40 Pages Posted: 13 Jul 2011 Last revised: 12 Dec 2012
Date Written: December 12, 2012
This paper draws on unique data from a single, geographically-expansive, US firm with well over 100,000 employees in over 1,000 locations to examine the relationship between an employer’s implementation of a typical dispute resolution system (DRS) and organizational justice, perceived compliance with the law, and organizational commitment. Holding all time-constant, location-level variables in place, we find that introduction of the DRS is associated with elevated perceptions of interactional justice but diminished perceptions of procedural justice. We also find no discernible effect on organizational commitment, but a significant boost to perceived legal compliance by the company. The authors draw upon these findings to offer a “differential-effects” model for conceptualizing the relationship among organizational justice, perceived legal compliance, and implementation of dispute resolution mechanisms.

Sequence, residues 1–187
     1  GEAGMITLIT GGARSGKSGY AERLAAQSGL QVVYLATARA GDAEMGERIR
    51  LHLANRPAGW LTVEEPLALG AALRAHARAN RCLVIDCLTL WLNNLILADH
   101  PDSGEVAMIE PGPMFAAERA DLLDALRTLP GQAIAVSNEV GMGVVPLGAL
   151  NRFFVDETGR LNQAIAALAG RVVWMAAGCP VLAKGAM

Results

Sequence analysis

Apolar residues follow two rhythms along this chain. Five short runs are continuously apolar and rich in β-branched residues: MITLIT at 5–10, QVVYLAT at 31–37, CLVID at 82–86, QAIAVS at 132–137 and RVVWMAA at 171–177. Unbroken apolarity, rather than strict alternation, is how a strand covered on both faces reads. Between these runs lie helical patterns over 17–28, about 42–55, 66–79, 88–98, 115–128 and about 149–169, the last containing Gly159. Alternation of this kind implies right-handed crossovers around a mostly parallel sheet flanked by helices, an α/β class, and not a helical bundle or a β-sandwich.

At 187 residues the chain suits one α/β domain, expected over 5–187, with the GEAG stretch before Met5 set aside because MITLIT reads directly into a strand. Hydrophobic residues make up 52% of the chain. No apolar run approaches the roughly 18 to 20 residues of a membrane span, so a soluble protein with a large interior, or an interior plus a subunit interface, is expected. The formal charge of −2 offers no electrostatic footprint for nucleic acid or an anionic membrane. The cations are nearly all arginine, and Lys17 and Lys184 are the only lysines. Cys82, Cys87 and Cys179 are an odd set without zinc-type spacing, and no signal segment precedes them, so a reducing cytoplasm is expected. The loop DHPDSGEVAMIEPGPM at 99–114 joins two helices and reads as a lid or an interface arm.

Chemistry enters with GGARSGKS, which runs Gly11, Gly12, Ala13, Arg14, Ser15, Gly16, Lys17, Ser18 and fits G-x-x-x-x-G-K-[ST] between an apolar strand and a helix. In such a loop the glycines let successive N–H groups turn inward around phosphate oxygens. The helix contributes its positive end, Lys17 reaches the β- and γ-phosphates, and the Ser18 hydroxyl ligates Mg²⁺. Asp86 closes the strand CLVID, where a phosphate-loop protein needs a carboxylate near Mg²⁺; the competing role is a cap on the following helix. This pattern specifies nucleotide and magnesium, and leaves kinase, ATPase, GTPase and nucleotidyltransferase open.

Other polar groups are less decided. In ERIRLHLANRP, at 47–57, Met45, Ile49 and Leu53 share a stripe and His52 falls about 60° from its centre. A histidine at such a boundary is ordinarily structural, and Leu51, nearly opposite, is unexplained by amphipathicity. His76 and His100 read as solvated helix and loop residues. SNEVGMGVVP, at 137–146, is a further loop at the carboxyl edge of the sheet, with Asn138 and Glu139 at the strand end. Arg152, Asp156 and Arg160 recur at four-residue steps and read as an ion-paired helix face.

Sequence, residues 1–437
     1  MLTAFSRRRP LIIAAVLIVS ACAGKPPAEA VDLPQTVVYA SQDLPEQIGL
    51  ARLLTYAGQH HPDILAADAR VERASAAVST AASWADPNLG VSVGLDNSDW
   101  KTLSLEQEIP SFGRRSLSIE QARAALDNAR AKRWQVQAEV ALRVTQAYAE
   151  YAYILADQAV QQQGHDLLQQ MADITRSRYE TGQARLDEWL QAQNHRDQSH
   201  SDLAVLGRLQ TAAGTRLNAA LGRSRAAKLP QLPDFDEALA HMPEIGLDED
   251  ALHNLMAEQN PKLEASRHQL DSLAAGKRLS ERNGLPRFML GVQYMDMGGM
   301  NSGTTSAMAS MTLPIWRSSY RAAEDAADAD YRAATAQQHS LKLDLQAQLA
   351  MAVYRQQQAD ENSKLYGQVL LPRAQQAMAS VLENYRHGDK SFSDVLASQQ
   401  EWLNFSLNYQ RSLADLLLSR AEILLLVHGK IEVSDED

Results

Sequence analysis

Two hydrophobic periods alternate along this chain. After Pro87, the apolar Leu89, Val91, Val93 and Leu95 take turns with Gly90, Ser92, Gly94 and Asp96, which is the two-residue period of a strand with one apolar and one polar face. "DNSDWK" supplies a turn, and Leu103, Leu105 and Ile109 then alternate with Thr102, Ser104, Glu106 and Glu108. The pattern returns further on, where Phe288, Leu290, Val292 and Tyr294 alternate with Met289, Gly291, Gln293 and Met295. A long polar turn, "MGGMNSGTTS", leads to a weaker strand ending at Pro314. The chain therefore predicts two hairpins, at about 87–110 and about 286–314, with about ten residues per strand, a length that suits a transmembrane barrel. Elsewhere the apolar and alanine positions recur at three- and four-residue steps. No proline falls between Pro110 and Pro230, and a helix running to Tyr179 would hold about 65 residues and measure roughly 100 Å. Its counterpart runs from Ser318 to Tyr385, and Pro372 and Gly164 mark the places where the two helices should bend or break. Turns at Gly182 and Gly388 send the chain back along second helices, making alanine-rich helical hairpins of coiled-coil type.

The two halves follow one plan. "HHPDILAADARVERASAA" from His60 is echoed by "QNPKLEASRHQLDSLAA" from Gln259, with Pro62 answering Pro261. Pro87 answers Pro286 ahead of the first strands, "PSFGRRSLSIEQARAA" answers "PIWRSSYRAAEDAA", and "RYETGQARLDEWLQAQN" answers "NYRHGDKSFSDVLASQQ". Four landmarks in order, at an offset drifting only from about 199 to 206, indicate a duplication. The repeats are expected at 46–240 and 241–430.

Keywords: arbitration, mandatory arbitration, voice, exit, loyalty, procedural justice, interactive justice, interactional justice, substantive justice, justice, dispute resolution, ADR, negotiation, employment, conflict, workplace, natural experiment, panel, longitudinal, empirical, organizational justice
JEL Classification: K10, K19, K30, K39
Suggested Citation: Suggested Citation
Eigen, Zev J. and Litwin, Adam Seth, Justice or Just between Us? Empirical Evidence of the Trade-Off between Procedural and Interactional Justice in Workplace Dispute Resolution (December 12, 2012). Industrial and Labor Relations Review, Forthcoming; 7th Annual Conference on Empirical Legal Studies Paper; Northwestern Law & Econ Research Paper No. 11-21. Available at SSRN: https://ssrn.com/abstract=1884421 or http://dx.doi.org/10.2139/ssrn.1884421